Figure 4 UTR-2 and UTR-4 haplotypes of the HLA-G gene are associated with PFS and OS in LABC patients. Kaplan–Meier plot analysis combined with log-rank test revealed that LABC patients carrying the (A) UTR-2 haplotype of the HLA-G 3’UTR had a significantly improved PFS (B) compared with UTR-2-negative patients. UTR-4-positive patients had a reduced PFS (C) and OS (D) compared to UTR-4 patients. The blue line indicates patients positive for either the (A, B) UTR-2 or (C, D) UTR-4 haplotype, whereas the black line illustrates the equivalent negative patients. Dotted line reveals median survival time where applicable. Tables under Kaplan–Meier plots show corresponding numbers at risk.
The UTR-1, UTR-2, and UTR-4 carrier status, the age (<60 vs. >60), menopausal status (premenopausal vs. peri/postmenopausal), post-NACT nodal status (N0 vs. >N0), post-NACT tumor size (≤T1 vs. >T1), Triple-Negative Breast Cancer (TNBC, yes vs. no), pathological response (pCR vs. pPR/NR), and levels of vesicular HLA-GEV (<15.8 vs. >15.8 ng/ml) were enrolled as co-variates in the multivariate analysis for PFS and OS. The optimal HLA-GEV cutoff value for PFS and OS was defined earlier (20). Among these co-variates, the UTR-2 haplotype appeared to be exclusively an independent factor indicative for a beneficial disease outcome in terms of PFS (p = 0.007, HR: 0.3 95% CI: 0.1–0.7), while a positive post-NACT nodal status (p = 0.009, HR: 29, 95% CI: 1.3–6.7), HLA-GEV levels >15.8 ng/ml (p = 0.003, HR: 4.0, 95% CI: 1.6–10.1), and a TNBC tumor subtype (p = 0.021, HR: 3.0, 95% CI: 1.2–7.6) were predictors for a reduced PFS (Table 3A). At variance to UTR-2, the UTR-4 haplotype was an independent prognostic risk factor for an inferior OS (p = 0.005, HR: 4.9, 95% CI: 1.6–15.1) besides a positive post-NACT nodal status (p = 0.015, HR: 4.3, 95% CI: 1.3–14.2, Table 3B).
HLA-G 3’UTR SNP Variants +3187G, +3196G, and +3003C as Distinct Features of UTR-1/2, and UTR-4
Next, we elucidated whether certain allelic variants are responsible for the antagonistic effects observed for the UTR-1/UTR-2 and UTR-4 haplotypes in LABC patients. Therefore, we analyzed the arrangement of the 15 SNP for the UTR-1, UTR-2, and UTR-4 haplotypes regarding differences and consensus in the most common 3’UTR haplotypes (UTR-1 to UTR-7 and UTR-18) in a Venn diagram (Figure 5). Obviously, the +3196G variant was unique for the UTR-2, whereas the +3187 variant was a distinctive feature of the UTR-1 haplotype. Thus, these variants seem to be of prognostic parameters for a beneficial course of disease. At contrast, the deduction of UTR-4 to a specific SNP revealed the +3003C variant as a unique feature, which seemed to be responsible for a detrimental disease outcome of LABC patients.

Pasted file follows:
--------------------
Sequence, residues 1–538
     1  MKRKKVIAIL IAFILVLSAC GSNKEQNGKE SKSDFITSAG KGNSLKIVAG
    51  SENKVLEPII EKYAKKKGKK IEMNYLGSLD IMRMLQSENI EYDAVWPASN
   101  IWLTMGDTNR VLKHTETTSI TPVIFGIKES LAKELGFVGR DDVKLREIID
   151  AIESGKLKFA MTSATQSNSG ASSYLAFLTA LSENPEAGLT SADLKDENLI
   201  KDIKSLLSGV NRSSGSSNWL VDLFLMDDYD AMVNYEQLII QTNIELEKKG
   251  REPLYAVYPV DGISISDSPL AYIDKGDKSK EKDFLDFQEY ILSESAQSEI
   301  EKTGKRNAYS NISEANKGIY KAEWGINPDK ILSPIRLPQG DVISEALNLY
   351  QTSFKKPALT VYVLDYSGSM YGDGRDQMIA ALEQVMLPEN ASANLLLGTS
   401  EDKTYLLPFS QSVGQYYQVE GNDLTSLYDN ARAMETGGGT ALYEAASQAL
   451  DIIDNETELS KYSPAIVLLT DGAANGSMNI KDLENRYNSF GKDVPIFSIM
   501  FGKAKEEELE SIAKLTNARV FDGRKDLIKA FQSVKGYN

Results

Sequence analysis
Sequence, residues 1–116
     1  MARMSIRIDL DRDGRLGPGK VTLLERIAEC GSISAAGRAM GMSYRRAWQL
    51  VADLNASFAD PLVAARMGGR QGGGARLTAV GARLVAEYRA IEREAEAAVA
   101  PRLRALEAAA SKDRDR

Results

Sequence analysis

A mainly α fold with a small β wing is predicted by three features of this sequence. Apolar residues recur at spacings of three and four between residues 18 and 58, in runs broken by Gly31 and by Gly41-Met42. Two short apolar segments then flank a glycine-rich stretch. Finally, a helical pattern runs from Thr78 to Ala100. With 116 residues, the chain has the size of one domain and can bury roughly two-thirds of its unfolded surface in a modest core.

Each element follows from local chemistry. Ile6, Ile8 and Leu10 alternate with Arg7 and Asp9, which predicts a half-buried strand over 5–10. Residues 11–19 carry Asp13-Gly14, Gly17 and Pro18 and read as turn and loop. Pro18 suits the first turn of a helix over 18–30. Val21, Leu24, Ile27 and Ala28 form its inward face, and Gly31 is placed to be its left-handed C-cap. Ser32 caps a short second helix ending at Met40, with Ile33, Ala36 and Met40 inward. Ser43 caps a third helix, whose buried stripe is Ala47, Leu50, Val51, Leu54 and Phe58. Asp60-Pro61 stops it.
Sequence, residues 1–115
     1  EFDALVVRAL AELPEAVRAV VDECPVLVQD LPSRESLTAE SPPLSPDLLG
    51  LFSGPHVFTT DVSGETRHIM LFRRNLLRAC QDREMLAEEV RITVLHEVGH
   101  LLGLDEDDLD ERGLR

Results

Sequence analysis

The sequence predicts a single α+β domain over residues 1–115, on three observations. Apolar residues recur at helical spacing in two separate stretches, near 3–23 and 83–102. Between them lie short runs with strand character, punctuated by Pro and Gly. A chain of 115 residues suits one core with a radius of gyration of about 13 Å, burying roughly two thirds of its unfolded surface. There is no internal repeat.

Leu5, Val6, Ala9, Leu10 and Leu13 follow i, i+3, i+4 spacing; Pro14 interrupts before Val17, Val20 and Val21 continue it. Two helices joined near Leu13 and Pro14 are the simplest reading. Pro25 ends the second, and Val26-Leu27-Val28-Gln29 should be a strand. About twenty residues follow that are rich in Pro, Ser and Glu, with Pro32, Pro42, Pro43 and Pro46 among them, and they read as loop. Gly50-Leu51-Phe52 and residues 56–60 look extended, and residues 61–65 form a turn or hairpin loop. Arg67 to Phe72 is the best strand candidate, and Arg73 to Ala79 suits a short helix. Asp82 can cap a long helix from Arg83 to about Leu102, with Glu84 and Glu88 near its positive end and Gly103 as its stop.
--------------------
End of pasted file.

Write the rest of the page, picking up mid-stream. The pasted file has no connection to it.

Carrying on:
Figure 5 Dissection of the HLA-G 3’UTR haplotypes UTR-1, UTR-2, and UTR-4. Table shows the positions of the 15 single-nucleotide polymorphisms (SNP) with the HLA-G 3’UTR. UTR-1 (blue), UTR-2 (green), and UTR-4 (red) share 9 out of 15 SNP as shown in the intersection, while six SNP were different (+2960INS/DEL, +3003C/T, +3010G/C, +3142C/G, +3187A/G, and +3196C/G) among these UTR haplotypes. Underlines in allelic variants (+3187G, +3196G, and +3003C) represent the unique feature of the UTR-1, UTR-2, or UTR-4 haplotype in our patient cohort. The allelic variants +2960INS, +3003T, +3010C, and +3142G of the UTR-2 haplotype can also be found in other HLA-G 3’UTR haplotypes.
Various studies have suggested that the HLA-G 3’UTR may act as a predictor for the genetic predisposition of an individual to certain immune-mediated diseases (6, 24, 26–33). Thus, we evaluated the impact of HLA-G 3’UTR variants arranged as HLA-G 3’UTR haplotypes on the clinical status and outcome of non-metastatic LABC patients. Indeed, our study demonstrates the following: (i) Although HC and LABC patients did not differ in their UTR haplotypes’ frequencies, the UTR-4 haplotype was associated with unfavorable disease status regarding tumor size and the presence of DTC, whereas UTR-7 or UTR-3 were related to low tumor sizes, absence of DTC, and high soluble HLA-G levels, respectively. (ii) Concerning therapy and disease outcome, univariate and multivariate analysis displayed UTR-1 or UTR-2 as prognostic parameters indicative for a favorable course of disease in terms of complete response towards NACT or PFS. At variance, UTR-4 was an independent risk factor for an inferior OS besides already known clinical parameters. (iii) Taken into account the most common HLA-G 3’UTR haplotypes (UTR-1 to UTR-7, UTR-18) with haplotype frequencies > 1% (Additional file 1), the attribution of the UTR-1/2/4 haplotypes to specific SNPs revealed that the +3003C variant, unique for UTR-4, seems to support an adverse disease outcome, whereas the +3187G and +3196G variants, unique for UTR-1 or UTR-2, are prognostic parameters for a beneficial course of disease.
At variance to our study, in which all HLA-G 3’UTR haplotype frequencies were very similar in LABC patients and HC, the UTR-4 haplotype frequency was increased in prostate cancer patients compared to controls. Additionally, this haplotype was more frequent in women with an uneventful pregnancy and less frequent in women with recurrent miscarriage (32).